Dan Pound opens up tribal and mystical spaces on his new release, Spherical. For this outing, Pound pulls some of his sounds from an interesting source. While working on this disc, a now-replaced bit of studio equipment would sometimes play back tracks from another album Pound was working on, but at half speed. Recognizing the potential is these fresh rogue sounds, he worked them into Spherical. This, added to his usual arsenal of synths, guitars, flute, percussion and more, drives another deep and well-orchestrated excursion. Listeners with some ambient background will likely pick up distinct bits of the influence of Steve Roach in various parts of Spherical. “Only A Memory” sounds like what would have happened had Roach thought to add understated beats to Structures from Silence. Pound’s pads have a tone that’s close to identical to that disc’s, but the slight sidestep he takes with the beats keeps him in his own territory. And the title track has its share of familiar echoes, from the curvy analog squibs to the rise-and-fall backing drone. Which, again, doesn’t detract from the quality of the thing. It’s still a deep groove in a nicely carved-out electronic space. Pound’s fully in his element when he takes the listener into tribal zones, beginning with “Lookout Point.” Native American flute vies with growling bass drones and ominous pads, a nice mix of organic and electronic. It conjures up (in my head, anyway) a wonderful visual sense, a sort of man against nature feel, the flute coursing in the face of an oncoming storm. Then “At A Distance” keeps it going by ramping up the percussion with clattering sticks and throwing in dark, spiraling pads and hypnotic drones. You’ll happily lose your way in the middle of this piece, and the way it pares down toward the end, spreading into a wide vista, is superb. Pound uses this to carry into the calm swirls of “Through the Center,” the disc’s long showcase piece. (And, I admit, the start of this, with crow calls and long pads, put me in mind of part of Mystic Chords & Sacred Spaces–but only until the rest of the track swept me up.) Then, unexpectedly, acoustic guitar with a bit of Spanish flair comes in, a grounding presence in the deepening space. Pound works in a bass pulse, its insistent repetition becoming a mind-salving element as he thickens and intensifies his layers. This track exemplifies why headphones are a must for this journey. As always, Pound pays laser-focused attention to his small sounds and they way they’re worked around your headspace, and that work demands equal attention from you. The acoustic guitar returns on the closing track, “Like Tears In Rain.” Here the guitar trades off with high, soaring pads in a cleansing New Age sort of mix that lifts the darker aspects away and brings the disc to a soft close.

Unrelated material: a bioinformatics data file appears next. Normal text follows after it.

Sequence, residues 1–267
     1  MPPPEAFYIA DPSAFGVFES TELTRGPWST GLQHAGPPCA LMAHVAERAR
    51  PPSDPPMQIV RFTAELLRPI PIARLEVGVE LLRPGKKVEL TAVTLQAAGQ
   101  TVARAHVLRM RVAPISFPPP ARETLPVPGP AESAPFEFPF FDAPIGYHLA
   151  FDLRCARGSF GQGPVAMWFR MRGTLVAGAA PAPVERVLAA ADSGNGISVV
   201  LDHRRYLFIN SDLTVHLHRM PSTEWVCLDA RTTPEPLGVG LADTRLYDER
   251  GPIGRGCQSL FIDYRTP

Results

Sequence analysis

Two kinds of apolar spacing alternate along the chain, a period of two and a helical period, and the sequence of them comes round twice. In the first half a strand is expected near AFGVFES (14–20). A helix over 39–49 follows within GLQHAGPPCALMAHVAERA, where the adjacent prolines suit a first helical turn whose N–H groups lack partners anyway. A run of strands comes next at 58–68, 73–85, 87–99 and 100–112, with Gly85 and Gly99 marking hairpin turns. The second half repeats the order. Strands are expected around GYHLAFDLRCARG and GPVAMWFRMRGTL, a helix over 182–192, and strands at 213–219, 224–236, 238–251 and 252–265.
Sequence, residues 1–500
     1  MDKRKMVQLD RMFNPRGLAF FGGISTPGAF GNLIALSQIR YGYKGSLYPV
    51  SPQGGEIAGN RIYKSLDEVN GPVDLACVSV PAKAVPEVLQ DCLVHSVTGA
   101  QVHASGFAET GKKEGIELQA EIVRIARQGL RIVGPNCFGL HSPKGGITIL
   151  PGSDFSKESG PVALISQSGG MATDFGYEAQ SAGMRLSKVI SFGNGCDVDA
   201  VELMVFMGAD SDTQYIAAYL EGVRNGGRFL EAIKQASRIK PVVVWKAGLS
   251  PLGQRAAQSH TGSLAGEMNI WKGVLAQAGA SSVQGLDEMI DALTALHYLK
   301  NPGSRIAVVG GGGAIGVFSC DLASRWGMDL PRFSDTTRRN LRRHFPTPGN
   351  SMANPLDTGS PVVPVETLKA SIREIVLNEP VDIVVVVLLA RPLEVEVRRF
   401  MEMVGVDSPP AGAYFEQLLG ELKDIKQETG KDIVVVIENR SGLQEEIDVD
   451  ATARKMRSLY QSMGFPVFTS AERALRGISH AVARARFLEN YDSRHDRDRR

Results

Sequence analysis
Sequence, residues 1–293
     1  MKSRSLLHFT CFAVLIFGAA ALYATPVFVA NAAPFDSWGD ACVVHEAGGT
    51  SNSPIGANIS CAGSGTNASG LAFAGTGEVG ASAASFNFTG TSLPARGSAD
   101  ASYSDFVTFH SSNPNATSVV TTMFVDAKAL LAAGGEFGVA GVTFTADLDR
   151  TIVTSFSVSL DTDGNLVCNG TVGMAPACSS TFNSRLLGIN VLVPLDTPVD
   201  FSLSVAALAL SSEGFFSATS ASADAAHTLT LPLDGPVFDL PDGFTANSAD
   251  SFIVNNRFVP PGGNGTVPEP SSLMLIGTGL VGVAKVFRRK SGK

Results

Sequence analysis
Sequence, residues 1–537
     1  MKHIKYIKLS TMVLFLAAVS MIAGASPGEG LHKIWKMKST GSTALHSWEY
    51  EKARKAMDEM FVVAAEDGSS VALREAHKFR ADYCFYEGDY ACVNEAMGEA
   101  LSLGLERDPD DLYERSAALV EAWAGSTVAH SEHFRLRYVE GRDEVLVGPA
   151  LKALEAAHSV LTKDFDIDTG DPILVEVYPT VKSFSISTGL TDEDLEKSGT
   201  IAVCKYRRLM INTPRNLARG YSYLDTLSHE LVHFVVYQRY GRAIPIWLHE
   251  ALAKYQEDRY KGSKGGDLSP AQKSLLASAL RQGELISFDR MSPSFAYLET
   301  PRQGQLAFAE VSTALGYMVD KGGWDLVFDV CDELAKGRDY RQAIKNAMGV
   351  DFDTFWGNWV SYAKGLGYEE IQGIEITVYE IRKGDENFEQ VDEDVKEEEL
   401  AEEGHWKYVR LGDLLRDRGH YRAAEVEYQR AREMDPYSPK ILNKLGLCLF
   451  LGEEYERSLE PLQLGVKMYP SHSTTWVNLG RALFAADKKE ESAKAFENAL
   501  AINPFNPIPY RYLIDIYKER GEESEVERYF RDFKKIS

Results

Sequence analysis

Spherical is another great release from Pound, and one of his darker excursions in a while. He’s always been a solid tribal-ambient musician, and that’s the standout element on an overall strong set of pieces. Very much worth a close listen.
Available from Dan Pound’s web site.